Perth is pretty small for a capital city, and we don’t really have a strong zero waste/plastic free community, but thankfully this is something that is changing rather rapidly thanks for things like Plastic Free July (henceforth referred to as PFJ, we’re trying to make it sound more hip) and places like The Wasteless Pantry. There are a few different places cropping up, but the Wasteless Pantry really piqued my interest because they are really focusing on creating a real community around waste reduction which is key to changing the patterns of consumer behaviour and well, it’s actually in my hometown – Mundaring!
So last week, after a job interview (which I did not get, I’m still unemployed, sigh) I headed the 45 minutes up to the hills with two other PFJ friends, Nic and Lauren with the goal of grabbing supplies to make a ~happy PFJ~ dinner. And also lamingtons. We all really like lamingtons, I don’t apologise for my love of baked goods one iota. All photos are by Nic because I cleverly left my phone in the car.
Oh look, Nic and Lauren ~
One super good thing we did do before we headed up was to hand in Lauren’s ever growing collection of dead batteries and light globes at our university guild’s collection point. Lauren is a tour de force of trash, always learning new ways to recycle things, and she was the first person to introduce me to PFJ and to start thinking about the level of trash I produce in my daily life. You can find more places to drop off your batteries/globes/printer cartridges at the Earth Carers Website. (Also who Lauren does lots of training through – check it out)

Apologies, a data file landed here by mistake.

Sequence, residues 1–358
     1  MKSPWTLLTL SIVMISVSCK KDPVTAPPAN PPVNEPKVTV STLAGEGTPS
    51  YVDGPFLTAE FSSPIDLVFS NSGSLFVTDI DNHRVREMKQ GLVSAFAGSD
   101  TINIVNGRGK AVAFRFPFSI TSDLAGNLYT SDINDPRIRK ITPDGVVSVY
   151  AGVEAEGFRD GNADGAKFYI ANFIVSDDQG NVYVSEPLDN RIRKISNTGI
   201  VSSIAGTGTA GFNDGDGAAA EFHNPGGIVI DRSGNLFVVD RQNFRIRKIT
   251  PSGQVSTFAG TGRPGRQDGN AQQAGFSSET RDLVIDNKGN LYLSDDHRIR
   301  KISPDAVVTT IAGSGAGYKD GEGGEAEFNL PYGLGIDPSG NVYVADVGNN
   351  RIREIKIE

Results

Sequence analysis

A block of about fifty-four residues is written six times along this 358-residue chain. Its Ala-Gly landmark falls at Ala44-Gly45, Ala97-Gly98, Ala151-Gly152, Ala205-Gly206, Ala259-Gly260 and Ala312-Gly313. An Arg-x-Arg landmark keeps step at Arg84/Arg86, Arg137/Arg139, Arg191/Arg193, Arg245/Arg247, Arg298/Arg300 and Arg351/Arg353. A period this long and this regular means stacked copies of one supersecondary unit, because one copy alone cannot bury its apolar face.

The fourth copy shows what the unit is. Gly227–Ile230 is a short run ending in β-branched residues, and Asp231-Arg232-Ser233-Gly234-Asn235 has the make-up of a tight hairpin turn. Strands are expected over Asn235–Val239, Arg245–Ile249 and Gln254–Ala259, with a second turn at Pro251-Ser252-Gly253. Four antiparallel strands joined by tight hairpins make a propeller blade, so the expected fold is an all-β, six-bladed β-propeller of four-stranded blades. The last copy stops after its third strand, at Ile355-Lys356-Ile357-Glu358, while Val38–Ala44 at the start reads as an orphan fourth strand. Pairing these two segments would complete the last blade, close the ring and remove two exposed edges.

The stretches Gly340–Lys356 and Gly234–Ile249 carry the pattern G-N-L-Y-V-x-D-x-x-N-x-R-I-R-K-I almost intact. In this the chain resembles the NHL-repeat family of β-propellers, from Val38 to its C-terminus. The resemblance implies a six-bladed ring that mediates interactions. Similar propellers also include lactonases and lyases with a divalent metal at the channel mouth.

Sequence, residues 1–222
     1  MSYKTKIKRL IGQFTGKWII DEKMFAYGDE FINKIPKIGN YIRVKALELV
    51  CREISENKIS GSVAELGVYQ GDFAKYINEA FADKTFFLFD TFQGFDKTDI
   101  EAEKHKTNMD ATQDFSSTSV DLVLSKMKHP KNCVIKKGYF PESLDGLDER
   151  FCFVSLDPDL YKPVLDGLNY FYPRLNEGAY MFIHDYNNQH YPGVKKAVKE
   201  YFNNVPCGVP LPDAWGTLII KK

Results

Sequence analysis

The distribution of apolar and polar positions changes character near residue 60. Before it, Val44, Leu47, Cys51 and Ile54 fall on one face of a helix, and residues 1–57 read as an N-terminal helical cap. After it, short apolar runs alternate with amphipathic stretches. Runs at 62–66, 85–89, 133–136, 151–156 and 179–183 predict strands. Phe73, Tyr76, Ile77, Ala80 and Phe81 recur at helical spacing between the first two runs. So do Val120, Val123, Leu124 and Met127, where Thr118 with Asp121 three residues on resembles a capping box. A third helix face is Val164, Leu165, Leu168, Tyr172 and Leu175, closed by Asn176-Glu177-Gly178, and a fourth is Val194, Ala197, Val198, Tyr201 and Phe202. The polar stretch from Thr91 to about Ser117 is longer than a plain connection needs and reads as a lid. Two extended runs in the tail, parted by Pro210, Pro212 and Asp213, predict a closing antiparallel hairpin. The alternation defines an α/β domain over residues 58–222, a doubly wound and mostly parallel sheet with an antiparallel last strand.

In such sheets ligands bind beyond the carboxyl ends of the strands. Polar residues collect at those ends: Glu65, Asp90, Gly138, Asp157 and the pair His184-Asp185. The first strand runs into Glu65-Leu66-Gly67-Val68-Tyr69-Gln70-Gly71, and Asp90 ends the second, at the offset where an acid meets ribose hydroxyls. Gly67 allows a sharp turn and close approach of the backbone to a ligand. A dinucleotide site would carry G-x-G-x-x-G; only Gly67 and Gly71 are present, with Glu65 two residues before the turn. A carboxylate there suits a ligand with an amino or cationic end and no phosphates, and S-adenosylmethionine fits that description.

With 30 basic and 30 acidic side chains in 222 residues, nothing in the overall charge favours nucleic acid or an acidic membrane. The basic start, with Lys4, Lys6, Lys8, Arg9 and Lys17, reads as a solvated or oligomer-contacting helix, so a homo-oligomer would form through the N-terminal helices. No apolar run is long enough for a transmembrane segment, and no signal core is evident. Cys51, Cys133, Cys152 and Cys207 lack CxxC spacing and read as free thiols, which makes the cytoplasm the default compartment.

The drive was a bit long, but it was nice to revisit my past and spend the time chatting about what zero waste means to us, and what ways we’re changing bits and pieces about our lives. The issue of distance is a major player for me, what the benefit of shopping zero waste if you have to burn 45 minutes worth of fuel to get there? Anyway.
But it was definitely worth the trip. The Wastefree Pantry was so beautiful and so well organised. It was gorgeous. They had everything from the staple ~7 different kinds of flours~ to spices to plastic free m’n’ms. I was totally in love. Their prices were pretty reasonable? Being zero waste/bulk means that you’re going to pay a little more per unit for some things, but others will be more affordable and you can decide on the amount that you actually need, to ensure nothing is wasted. They also had a lot of plastic free/reusable accoutrements like compostable wooden toothbrushes (i bought one), produce bags, free jars (with the tare weight written on them) and things like packaging free shampoo, deodorant and many other misc toiletries.
There was also plastic free dog and cat food. As a pet person that’s an issue I constantly worry about, but fortunately I have vegetarian pets who actually help me by eating what I can’t compost using my Bokashi (more on that eventually).
But the best thing was the liquids, oh my god the liquids. That’s one thing I struggle with being completely zero waste… they ha such a good range of cooking oils (olive, coconut, things like that) and essences and cleaning liquids detergent, washing liquid, fabric wash). Vinegar! Crazy right. Now those are things i would drive 45 minutes to buy in bulk, an things I haven’t been able to find anywhere else. You can check out the rest of their range on their Product List.
Yes after this we did go buy lamingtons and bread from the local bakery, which has been there since I used to visit after netball on super cold Saturday mornings in winter. They were completely plastic free, and we asked for the bread to be wrapped in paper, for which they were super obliging.
We the dropped Nic home and headed to Swansea St Markets for our fresh produce, which went super well, despite the garlic being from Mexico and having to purchase cheese that came in plastic lined paper AND neeed to be coupled with some highly naughty brie in order to make the $10 eftpos minimum. Greeeeeat.
A super good day, but super long, like this blog post. I’ll cover the process of cooking our diligently sourced bits and pieces, as well as the recipes, in the next blog post.